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Old Jun 5th, 2021, 04:40 AM
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Again, I highly recommend reading the scrapbooks linked from his web site. One of the ones I linked above has copies of the daily schedules, which should help answer some of the questions.
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Old Jun 5th, 2021, 04:47 AM
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Those of us who have been following RS for decades remember his original theme to tourists - tours are unnecessary, you can easily travel independently without them. It was as an advocate for self initiated tourism that RS gained his footing in the travel advice arena. How interesting that he has now come full circle.

I am of the original RS mindset - you really do not need a tour for Paris or for a lot of France. There are times when a guide can be almost essential: special museum exhibits, historical sites, access to wineries, and Paris Greeters can add greatly to one's appreciation to the city. But I believe many on travel forums such as Fodors organize their own vacations and there are many contributors here who help them do just that.
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Old Jun 5th, 2021, 05:06 AM
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A family member in his mid sixties did "Loire to the South of France" and enjoyed it a lot. However, that doesn't really tell you much. What feels rushed and what feels slow or boring varies according to individual differences in personality type and of course interests.

What does tell you something, is Kleeblatt's point about covid-19 restrictions. The Rick Steves company displayed a lot of professionalism - they refunded literally every tour cancelled in 2020, What is more, they posted regular bulletins on their site to let people know which tours were the next ones to be refunded (there was, as you can imagine, a lot of paperwork to be done and they had to have a systematic way of doing it.) Contrast this with people who were just left hanging with neither information nor refund from travel arrangements.






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Old Jun 5th, 2021, 05:15 AM
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Those of us who have been following RS for decades remember his original theme to tourists - tours are unnecessary, you can easily travel independently without them. It was as an advocate for self initiated tourism that RS gained his footing in the travel advice arena. How interesting that he has now come full circle.
Actually, the tours started at the same time as the guide books. Originally they were Rick and a mini-bus and eight people, just as the first guide book was self-published. Just as his guidebook business has expanded (dramatically) so has the tour business. "Europe Through the Back Door" is still all about travel skills, and the tour guides help members with how to get around on their own.

There are travel skills videos here, along with one on the beginning of his business: https://www.ricksteves.com/watch-rea...o/travel-talks
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Old Jun 5th, 2021, 10:22 AM
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....opportunities to engage with local people or people from other countries, even at a superficial level ..... That is one of the most over rated statements. Buying tickets at a window from a local residents is hardily interacting. Some of our best interactions with local citizens has been on European cruise ships especially at dinner. Some of that interaction has been very informative and worthwhile. The other has been booking local tours through the local TI. Often will encounter other European tourists.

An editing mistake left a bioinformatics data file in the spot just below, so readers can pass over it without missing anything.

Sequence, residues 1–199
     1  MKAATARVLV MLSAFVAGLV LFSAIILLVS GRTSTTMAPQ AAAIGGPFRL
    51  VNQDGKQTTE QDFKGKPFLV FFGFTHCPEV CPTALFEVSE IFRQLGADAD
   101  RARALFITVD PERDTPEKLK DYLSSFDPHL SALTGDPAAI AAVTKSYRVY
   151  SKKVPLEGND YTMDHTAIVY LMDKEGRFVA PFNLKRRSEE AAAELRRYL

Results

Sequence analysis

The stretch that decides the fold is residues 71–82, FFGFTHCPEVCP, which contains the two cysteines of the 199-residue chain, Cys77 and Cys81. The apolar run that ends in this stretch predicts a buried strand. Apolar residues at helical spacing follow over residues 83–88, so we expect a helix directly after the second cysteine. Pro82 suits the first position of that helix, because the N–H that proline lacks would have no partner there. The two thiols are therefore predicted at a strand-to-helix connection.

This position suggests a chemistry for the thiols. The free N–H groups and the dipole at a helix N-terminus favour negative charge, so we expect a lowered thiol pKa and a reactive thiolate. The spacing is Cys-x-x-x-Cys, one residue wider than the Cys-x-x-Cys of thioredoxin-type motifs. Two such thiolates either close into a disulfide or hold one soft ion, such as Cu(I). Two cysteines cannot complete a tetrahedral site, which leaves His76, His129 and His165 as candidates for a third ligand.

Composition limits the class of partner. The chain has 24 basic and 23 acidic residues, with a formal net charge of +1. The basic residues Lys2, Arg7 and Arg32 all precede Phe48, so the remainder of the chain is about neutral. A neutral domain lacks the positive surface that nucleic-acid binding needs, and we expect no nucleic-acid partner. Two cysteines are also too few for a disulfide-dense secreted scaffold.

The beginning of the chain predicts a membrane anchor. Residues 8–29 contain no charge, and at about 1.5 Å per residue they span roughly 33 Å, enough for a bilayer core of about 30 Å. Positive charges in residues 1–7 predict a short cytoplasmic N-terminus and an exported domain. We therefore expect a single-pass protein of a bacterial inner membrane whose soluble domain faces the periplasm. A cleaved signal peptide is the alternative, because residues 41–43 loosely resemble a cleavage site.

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Old Jun 5th, 2021, 01:41 PM
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Originally Posted by thursdaysd View Post
Actually, the tours started at the same time as the guide books.
Perhaps but RS did not start with guide books. He taught self travel classes in Washington state in the 70´s with the mantra of organized tours were not necessary, one could do his own travel preperation. I lived in Washington during this time and his philosophy of self travel really appealed to me. The tours did not come until much later.
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Old Jun 5th, 2021, 07:55 PM
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If you're interested in how Rick Steves started writing guide books and leading tours, and don't want to watch to his "Irreverent History" that I linked above, try listening to this:

https://www.npr.org/2021/03/05/97409...pe-rick-steves
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Old Jun 5th, 2021, 08:11 PM
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Rick Steves should be in the Travel Hall of Fame. There's no such thing yet. A couple years ago, I pitched a few of our city authorities about establishing such a hall/tourist attraction here. Tried to point out that some folks originally laughed at the idea of a Rock & Roll Hall of Fame, til finally Cleveland ran with that (how'd that work out?) but got nothing but lip service. Would not a Travel Hall have the same narrow focus, but one with plenty of potential if properly marketed?
Such a Hall might feature:

-historic travelers such as Ibn Batuta, Marco Polo, Xien Fui Song, Therese Chmura et al
-the first trans-Atlantic flights
-an ancient Map Room
-famed female travelers
-monthly special presentations i.e. travel writer authors promoting their new books
-digital digital digital everywhere with heavy emphasis on Interactiveness
-parrots that can sing
-the evolution of travel photography including a special National Geographic room, with rotating presentations eg. Steve McCurry
-the first guidebooks such as those original turn-of-century Baedekers
-???

*Wouldn't it be great if some outfit somewhere, say like a guidebook company with an already-established brand, base and forum, were to be the ones to finally construct a dedicated Travel Hall of Fame?
They could put annoying grey ad box shapes above the entrance.

I am done. the potential